2 Let s assume, for sake of discussion, that you have an infantry unit with 1,000 men. Let s further assume that you re assigned a hill to assault, and take, which has 500 enemy men defending it. Let s review two alternative results: 1) You attack the hill and lose 50 men while killing 100 of the enemy. You do not take the hill. 2) You attack the hill and lose 700 men but kill all 500 of the enemy and take the hill. In military terms, the first result is a cheap defeat whereas the second is a costly victory. How many men you kill, or lose, is secondary to the result of your mission success. There are those that review the German Panther tank, and the T-34, and will claim that the Panther was the better tank. Let s assume that a Panther tank commander managed to knock out 40 T-34s in overall combat during the war. Does anyone believe that that Panther commander, laying bricks in a Soviet prison camp in 1947 while the Soviets were having their way in Germany, would claim he was successful? The Zero to P-40 and Zero to Spitfire ratios are unimportant. Neither unit was able to defend Darwin against the attacks and thus the request for P-38s. Which unit, P-40 or Spitfire, did better? They both failed in their mission. Everything else is trivia. What s the better fighter? The Zero, P- 40, or Spitfire? Is this area the answer is the Zero as it was the only one to complete its mission successfully. Can it perform the mission it was designed for successfully? That, in the final analysis, the what determines if an item is successful or not. The P-39, P-40, Tempest/Typhoon are examples of failures. But the Russians loved the P-39 in ground attack and the Brits loved the Tempest/Typhoon in that role as well! If I bought a bathtub and it didn t work as a bathtub, but it did make a very nice planter in the front yard, would that bathtub thus be considered a success? That s without even considering that neither of those aircraft was, in reality, that good in the ground attack role. We ll cover that later. The Tempest/Typhoon can be reasonably considered as the Spitfire replacement. Due to their failure the British had no replacement for the Spitfire. Similarly the Japanese never really came up with a successful replacement for the Zero. They improved the Spitfire! They improved the P-39 and the Zero but that changes nothing. First point: to even be considered a success an item must be able to perform the mission it was designed for. There is a personality type that invariably uses the corner case to invalidate rule and clearly doesn t understand that it actually works in reverse. The Ford Mustang was a 2-door automobile for it s entire history. There is a picture of one from 1963 white has 4 doors and a dealer in California also made some in the 1960s with 4 doors! You re wrong! If millions of Mustangs were made and all but a handful had two doors the odd extreme counter example doesn t invalidate the claim it confirms it. The more extreme the counter example the more it confirms the model. The Mustang had 2 doors. Grafting a monkey s tail to a human will not result in humans have tails being a true statement. That personality type just covered apparently doesn t understand the difference between significant and insignificant. If I claimed that the Ford Falcon was only made as a 2-door the claim is significantly wrong. Claiming that the Mustang was strictly a 2-door is significantly right. I mention this for two reasons. One: I m going to provide some figures in this paper. As an example I m going to include the internal fuel capacity for the FW-190. I m aware that there was a small optional internal tank made for that aircraft but that tank doesn t significantly affect overall fuel capacity so I ll ignore it as insignificant. Two: In the following, errors will likely exist but the question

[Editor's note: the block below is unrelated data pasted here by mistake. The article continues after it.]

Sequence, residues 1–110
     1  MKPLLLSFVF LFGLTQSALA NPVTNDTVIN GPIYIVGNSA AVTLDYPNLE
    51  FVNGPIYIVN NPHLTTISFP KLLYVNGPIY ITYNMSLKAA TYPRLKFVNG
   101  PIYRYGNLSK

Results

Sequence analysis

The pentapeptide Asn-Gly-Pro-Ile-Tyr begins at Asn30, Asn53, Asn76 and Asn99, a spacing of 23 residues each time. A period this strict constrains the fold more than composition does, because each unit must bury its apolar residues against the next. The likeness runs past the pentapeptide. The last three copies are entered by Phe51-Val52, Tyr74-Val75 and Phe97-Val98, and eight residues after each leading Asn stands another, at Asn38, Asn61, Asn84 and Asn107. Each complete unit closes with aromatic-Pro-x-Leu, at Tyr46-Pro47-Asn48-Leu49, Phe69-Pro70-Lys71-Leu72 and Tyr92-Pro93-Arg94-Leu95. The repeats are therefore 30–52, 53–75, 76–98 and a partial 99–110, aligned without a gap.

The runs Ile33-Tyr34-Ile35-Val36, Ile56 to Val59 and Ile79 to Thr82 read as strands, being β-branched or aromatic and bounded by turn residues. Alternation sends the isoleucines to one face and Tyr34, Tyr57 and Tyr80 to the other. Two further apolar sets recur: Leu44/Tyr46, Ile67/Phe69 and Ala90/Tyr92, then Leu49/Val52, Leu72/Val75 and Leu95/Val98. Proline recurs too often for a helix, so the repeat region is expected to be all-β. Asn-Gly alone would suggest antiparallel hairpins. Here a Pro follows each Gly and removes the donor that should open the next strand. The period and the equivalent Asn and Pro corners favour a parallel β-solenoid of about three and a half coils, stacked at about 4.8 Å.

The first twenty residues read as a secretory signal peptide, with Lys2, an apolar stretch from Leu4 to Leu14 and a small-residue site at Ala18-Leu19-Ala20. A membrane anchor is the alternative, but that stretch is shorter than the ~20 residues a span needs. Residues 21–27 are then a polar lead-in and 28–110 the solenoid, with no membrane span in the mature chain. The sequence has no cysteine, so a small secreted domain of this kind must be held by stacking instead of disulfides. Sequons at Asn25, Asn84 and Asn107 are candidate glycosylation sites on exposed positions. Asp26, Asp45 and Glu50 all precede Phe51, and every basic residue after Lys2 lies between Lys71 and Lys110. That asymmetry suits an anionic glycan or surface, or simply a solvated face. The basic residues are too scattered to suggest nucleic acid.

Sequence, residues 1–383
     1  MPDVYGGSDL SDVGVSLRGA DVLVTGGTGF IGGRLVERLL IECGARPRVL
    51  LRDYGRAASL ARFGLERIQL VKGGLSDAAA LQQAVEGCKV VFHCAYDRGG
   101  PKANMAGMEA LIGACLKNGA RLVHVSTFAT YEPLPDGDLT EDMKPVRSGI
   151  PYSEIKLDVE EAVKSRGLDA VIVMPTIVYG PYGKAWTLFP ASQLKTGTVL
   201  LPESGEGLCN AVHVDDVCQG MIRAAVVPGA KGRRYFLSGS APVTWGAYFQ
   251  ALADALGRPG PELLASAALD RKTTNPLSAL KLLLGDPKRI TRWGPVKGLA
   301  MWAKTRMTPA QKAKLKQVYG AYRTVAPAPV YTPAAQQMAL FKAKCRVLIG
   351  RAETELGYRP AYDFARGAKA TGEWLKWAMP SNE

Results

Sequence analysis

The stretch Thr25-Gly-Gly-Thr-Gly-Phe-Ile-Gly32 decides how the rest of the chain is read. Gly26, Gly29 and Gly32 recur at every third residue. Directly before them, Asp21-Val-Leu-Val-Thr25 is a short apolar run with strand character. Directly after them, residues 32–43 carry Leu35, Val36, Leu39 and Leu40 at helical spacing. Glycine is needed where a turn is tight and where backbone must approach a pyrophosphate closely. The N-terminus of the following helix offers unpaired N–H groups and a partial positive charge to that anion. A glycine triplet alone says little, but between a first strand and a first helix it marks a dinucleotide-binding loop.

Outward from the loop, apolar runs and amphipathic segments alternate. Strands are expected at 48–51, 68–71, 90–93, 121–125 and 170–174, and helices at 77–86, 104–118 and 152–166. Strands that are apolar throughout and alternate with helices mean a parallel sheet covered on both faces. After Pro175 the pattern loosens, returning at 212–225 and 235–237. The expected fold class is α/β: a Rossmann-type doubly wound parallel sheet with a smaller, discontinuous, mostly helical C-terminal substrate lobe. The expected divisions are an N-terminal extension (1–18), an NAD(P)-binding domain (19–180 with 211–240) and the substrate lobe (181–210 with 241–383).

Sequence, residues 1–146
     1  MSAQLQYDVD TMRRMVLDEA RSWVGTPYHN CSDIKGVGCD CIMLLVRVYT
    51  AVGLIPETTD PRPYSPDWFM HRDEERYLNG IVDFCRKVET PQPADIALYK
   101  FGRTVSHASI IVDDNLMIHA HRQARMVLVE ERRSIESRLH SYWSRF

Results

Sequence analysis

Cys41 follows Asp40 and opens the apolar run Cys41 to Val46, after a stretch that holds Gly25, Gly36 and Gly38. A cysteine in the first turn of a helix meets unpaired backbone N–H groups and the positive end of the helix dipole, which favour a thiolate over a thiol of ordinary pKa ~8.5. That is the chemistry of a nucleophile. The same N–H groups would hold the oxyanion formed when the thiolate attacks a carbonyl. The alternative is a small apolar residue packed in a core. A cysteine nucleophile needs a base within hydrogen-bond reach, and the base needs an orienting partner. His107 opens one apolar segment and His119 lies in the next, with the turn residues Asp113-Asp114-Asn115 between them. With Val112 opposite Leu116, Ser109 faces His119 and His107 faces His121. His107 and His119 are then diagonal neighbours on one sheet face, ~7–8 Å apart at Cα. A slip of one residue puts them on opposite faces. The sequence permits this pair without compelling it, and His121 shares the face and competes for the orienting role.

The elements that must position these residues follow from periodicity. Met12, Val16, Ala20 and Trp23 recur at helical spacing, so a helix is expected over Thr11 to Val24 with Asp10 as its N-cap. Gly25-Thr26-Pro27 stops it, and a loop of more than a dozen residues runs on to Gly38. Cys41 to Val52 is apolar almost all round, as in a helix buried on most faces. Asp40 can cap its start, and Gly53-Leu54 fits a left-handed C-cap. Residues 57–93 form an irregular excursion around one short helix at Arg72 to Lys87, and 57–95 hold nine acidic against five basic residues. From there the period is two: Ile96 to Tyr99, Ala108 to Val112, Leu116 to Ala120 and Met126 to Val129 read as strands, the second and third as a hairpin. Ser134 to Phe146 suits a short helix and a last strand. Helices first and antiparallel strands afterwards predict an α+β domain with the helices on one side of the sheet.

3 is are they significant to that part and are the significant overall? Here, a freebee. The P-39 had 6.50 caliber machine guns in the wings and also carried a 50mm cannon in the fuselage. After reading the entire paper ask yourself are any errors in that claim significant to that aircraft and, if so, is that then significant overall to the paper? You ve heard the story: the USAAF heavy bombers arrived in the ETO and initially bombed targets in France with Spitfires as escort. The P-47s were arriving and the escort of the bombers transitioned to those. Then they started sending the bombers on raids into Germany, under the mistaken assumption that they could defend themselves against fighters, and were blasted out of the sky. Due to the short range of the P-47 they then re-equipped the P-47 units with P-51s as those had the range to escort the bombers into Germany. Strangely their theory that the bombers could defend themselves against fighters is mainly true. Shooting down the B-17 with either the ME-109 or FW-190 isn t a trivial affair. If the Germans were limited to those two aircraft the B-17s might have had a chance. Enter the German twins (ME-110 and JU-88 families) and it s game over. The armament of a single engine fighter is pretty limited but, with regards twins, that isn t true. The US B-25G had a 75mm cannon in it. What effect would that thing have had on big bombers? Put that cannon in the B-26 and you truly have a big bomber killer. Escort fighters were more needed due to the German twins than the ME-109 or FW-190. The German twins were heavily armed and were deadly. Would the German single engine fighters have been able to stop the Bombers themselves? Maybe, maybe not. Doesn t matter the Germans had twins and those were more effective. The B-17 raid on Schweinfurt took place in August of It was, for bomber command, an unmitigated disaster. To explain away the lack of fighter escort the P-47 didn t have the range, we needed P-51s claim was made around this time. As the raid on Schweinfurt was taking place there were no P-51 groups in England. They had P-51s in the US so the airplane was a known quantity. Neither the P-47 with its internal fuel capacity of 305 gallons, nor the P-51, with its internal fuel capacity of 180 gallons, had a combat range of 200 miles. From Colchester in England to Dusseldorf, that s about the shortest distance between an English and German city, is 257 miles; Germany was out of reach of the P47, true, but it was also out of reach for the P-51. To extend the range of the fighters drop tanks could be used. The P-47 was already plumbed for them whereas the P-51 wasn t. In September of 1943, the month after the disastrous Schweinfurt raid, General Hap Arnold was briefed on range extension options for three fighters: the P-38, P-47, and P-51; I ll ignore the P-38 for this. The P-51B/C with the 180 gallons it had, and gallon drop tanks, is listed with a combat range of 500 miles. Increasing internal fuel to 265 gallons results in a range extension to 750 miles. The P-47D with 305 gallons internal and gallon drop tanks is listed as having a combat range of 500 miles. Increasing the internal fuel to 370 extends that to 700. Again, that s combat range. Later the P-47D would mysteriously be downgraded to 600 miles and the P-47M would be further reduced to 400 whereas the P-47N jumps to a just over 1,300 mile combat range. Something s fishy? People are lying. Range, combat range, and combat radius. Range is basically taking off and flying to another location. Combat radius is a circle drawn around a base - we can cover this area. Combat range is taking off, forming up so you go as a unit, and then flying some place in formation. At that location you fight and then, hopefully in some formation, fly home. As a rule of thumb combat range is 40% of range (range divided by two [there and back] then lose 10% for formation and combat). The Spitfire L.F.I.X. had an internal fuel capacity of 85 (imperial 102 US) gallons. Listed range for the aircraft, on internal fuel, is 434 miles. There was a 170 gallon (imperial) drop tank configuration for that aircraft and the range for it, with that tank, was 1,355 miles. Taking the 40% rule I guess one could claim 542 miles as the combat range in that configuration. One would be wrong.